[Haskell-cafe] Indirect Cycle Detection problem [was: finding "good work" in CS]

Thomas Horstmeyer horstmey at Mathematik.Uni-Marburg.de
Thu Dec 19 17:16:17 UTC 2013

Hi Richard,

Am 09.12.2013 04:00, schrieb Richard A. O'Keefe:
 > [...]
> Here's a piece of computer science that I would like some help
> with.  I call it the Indirect Cycle Detection problem.
> Given:  Domains P and E,
>          functions f : P -> Maybe P
>                    g : P -> E
> Define  to_list :: Maybe P -> [E]
>          to_list Nothing = []
>          to_list (Just p) = g p : to_list (f p)
> Given:  That f is cyclic starting at p0.
> Find:   The shortest alpha, beta such that
> 	to_list p0    is   alpha ++ cycle beta
>          and do so *efficiently*.
> Now, I can use tortoise-and-hare to find a cycle in f
> and then use brute force to find a shortest prefix and
> cycle of to_list ... The stuff I've checked so far
> about periods in strings has nothing to say about
> periods that begin _after_ a non-empty prefix.

I am not sure if you're really looking for help here or just wanted to 
present an example. I assume the former.

Also, I can not see where this "non-empty prefix" notion comes from. 
Perhaps you have a different definition for cyclic?

For me: "f is cyclic starting at p0" means there exist an N>0 such that 
f^N p0 == p0. Let's assume n to be the smallest number that fulfills 
this condition and call it the period length of f_p0.

f_p0 defines a periodic list ps with the same period length n.

ps = map fromJust $ iterate (>>= f) (Just p0)

Your (to_list p0), which I'd like to call es could now be written as:
es = map g ps

We know that es has a period of length n, but if g is not injective, its 
smallest period of length k may be smaller than n.

period_n = take n es

To find k, we search for the second occurrence of period_n in (period_n 
++ period_n), knowing that it will be at position n, if it is not found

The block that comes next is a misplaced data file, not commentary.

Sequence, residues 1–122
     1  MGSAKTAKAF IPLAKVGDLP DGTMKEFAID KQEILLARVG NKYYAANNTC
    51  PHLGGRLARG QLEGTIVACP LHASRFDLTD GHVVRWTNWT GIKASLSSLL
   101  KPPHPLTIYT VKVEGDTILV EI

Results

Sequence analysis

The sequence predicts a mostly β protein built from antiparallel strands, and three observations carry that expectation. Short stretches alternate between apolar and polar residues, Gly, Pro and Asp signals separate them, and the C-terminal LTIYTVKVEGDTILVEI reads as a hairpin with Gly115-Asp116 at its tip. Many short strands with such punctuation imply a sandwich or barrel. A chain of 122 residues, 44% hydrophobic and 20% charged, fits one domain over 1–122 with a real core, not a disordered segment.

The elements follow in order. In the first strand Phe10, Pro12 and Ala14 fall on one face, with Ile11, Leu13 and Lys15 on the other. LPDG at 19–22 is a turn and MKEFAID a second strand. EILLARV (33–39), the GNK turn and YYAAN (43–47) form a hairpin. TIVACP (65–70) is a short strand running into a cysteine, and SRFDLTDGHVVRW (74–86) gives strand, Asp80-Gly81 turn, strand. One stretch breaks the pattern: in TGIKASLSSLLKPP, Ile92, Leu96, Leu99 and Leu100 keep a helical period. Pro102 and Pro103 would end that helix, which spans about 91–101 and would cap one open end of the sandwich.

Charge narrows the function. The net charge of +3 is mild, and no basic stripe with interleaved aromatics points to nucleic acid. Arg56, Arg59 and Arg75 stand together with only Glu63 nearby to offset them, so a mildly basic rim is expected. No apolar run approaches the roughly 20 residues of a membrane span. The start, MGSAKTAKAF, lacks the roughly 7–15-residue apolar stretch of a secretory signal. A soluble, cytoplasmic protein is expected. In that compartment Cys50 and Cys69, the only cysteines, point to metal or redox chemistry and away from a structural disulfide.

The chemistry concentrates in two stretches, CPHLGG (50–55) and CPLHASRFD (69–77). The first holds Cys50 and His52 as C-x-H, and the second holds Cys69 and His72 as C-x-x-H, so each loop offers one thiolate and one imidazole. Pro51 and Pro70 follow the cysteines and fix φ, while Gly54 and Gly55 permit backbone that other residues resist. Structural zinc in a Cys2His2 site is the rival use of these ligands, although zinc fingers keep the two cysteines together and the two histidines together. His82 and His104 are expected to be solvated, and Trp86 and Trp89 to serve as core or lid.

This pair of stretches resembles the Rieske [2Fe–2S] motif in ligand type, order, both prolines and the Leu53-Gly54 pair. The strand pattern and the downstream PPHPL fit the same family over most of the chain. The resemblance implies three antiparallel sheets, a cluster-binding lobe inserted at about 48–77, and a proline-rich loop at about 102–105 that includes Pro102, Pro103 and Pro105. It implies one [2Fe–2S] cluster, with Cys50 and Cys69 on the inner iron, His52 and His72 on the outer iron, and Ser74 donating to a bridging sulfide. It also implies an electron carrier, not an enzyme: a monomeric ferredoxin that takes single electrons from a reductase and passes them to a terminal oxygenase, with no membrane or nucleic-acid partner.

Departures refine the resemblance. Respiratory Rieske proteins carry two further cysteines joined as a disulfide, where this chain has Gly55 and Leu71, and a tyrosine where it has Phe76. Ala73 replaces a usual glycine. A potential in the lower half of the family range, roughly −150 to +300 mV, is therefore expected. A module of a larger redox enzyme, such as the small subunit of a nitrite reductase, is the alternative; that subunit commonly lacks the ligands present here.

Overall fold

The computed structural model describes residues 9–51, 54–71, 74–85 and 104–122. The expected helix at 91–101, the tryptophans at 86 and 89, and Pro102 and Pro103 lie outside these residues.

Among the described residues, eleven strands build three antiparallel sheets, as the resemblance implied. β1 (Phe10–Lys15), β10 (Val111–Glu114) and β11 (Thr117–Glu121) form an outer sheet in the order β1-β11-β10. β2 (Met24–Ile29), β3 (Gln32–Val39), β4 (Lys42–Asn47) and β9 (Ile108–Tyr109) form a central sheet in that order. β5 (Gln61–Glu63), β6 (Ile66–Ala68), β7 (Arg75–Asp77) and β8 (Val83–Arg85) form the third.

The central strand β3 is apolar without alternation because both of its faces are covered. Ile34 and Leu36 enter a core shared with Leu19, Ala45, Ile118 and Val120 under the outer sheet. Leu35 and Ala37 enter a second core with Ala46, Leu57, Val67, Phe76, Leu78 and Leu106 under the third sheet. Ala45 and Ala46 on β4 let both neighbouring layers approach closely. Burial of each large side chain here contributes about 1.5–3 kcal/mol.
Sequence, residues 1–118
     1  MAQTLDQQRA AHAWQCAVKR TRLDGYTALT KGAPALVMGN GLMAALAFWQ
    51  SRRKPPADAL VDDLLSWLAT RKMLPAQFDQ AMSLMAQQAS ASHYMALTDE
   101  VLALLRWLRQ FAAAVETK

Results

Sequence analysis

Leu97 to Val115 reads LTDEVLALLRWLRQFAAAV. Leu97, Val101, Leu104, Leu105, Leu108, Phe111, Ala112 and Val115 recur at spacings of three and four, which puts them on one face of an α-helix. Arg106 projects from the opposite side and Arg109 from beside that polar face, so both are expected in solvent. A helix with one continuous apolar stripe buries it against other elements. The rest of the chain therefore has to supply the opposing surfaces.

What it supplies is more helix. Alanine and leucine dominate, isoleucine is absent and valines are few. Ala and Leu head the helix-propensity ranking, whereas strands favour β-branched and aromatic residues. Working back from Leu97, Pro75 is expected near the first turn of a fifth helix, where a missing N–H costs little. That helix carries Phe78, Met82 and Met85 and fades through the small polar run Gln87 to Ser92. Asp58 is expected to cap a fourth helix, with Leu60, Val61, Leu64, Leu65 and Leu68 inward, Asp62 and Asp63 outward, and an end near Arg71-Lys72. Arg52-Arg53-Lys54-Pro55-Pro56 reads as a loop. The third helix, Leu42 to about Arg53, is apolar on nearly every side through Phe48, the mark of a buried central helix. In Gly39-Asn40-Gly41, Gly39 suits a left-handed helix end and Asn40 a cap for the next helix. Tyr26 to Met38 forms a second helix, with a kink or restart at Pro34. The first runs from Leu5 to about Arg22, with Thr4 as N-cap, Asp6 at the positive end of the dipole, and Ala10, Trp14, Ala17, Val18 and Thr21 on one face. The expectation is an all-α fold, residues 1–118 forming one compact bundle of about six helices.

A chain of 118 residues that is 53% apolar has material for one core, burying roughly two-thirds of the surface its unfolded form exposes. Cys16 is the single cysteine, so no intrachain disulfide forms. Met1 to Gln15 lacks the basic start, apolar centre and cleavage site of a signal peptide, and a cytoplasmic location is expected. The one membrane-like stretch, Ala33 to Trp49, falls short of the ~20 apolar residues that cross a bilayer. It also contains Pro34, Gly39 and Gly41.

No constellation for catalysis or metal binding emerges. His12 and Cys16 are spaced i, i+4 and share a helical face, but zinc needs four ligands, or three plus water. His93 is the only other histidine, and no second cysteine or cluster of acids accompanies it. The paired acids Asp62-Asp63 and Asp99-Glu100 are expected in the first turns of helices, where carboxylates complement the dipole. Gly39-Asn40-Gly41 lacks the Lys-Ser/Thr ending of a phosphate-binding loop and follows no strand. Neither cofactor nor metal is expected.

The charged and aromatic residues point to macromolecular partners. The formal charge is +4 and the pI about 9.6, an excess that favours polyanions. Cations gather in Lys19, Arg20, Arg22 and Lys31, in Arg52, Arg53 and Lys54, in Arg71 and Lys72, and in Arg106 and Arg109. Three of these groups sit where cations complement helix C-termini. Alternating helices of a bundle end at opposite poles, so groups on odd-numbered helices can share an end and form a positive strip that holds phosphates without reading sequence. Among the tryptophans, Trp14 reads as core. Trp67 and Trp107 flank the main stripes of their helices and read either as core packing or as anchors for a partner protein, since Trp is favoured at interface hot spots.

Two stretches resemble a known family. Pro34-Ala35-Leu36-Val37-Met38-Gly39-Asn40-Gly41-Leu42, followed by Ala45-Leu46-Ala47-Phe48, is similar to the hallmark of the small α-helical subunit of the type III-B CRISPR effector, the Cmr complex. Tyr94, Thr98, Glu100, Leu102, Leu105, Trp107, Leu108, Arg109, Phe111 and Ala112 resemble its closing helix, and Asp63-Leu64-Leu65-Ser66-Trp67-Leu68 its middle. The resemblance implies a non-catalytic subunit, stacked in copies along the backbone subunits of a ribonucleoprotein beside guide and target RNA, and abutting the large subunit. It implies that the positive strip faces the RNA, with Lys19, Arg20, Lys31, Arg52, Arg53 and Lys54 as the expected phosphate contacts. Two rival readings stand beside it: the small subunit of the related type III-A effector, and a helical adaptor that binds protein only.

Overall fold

at positions [1..n-1]. We might use the fact that it can only be in 
positions that divide n. On the other hand, we could just use any of the 
well known string-search-methods.


- If computation of f is done in constant time, finding n takes Theta(n) 
time. Just apply f until you reach p0 again.

- Searching a pattern of size n in a text of size 2n can be done in O(n) 
using the Knuth-Morris-Pratt-algorithm.

In total you have a linear algorithm for finding your result:
alpha = []
beta = take k es
      = take k period_n


Of course, I guess now you're going to tell me that your "non-empty 
prefix" means that the period of f is not starting at p0 but at some pi 
that is reached by applying f i times to p0. You can adapt to that, but 
you have to pay for it ;-)

In this case, ps has the form (prefix ++ (cycle p_period_n)) and to find 
this structure, you need to find the first element of ps that occurs 
twice. (Before, you knew this would be p0.) For that, you need a set 
implementation for elements of P that gives you efficient adding of one 
element and lookup. Since we know nothing about P's elements, we use the 
list itself and get a runtime of Theta((i+n)^2).

Finding the (smallest) period k in es is exactly the same as before, 
i.e. we look for the second occurrence of period_n in (period_n ++ 
period_n) with
period_n = map g p_period_n

The prefix does not bother us here, because we know that we are looking 
at the periodic part.

Now that we know the period length k, we still have to find where it 
starts. For that we start at position i and go backwards until we find a 
difference to the found out period. That is, we find the position of the 
first mismatch between (reverse $ take i es) and (cycle (reverse $ take 
k period_n)).
The index tells us the length of alpha and the rotation needed to get 
beta from (take k period_n).
The cost for that is O(i).

So, the total cost in this case would be O((i+n)^2 + n + i).

I could have implemented this in Haskell, but since the point in the 
original discussion was about not needing programmer skills, but CS 
skills, I refrained from it. Haskell is only used to clarify points, in 
a language which both he recipient and the recipient know. :-)


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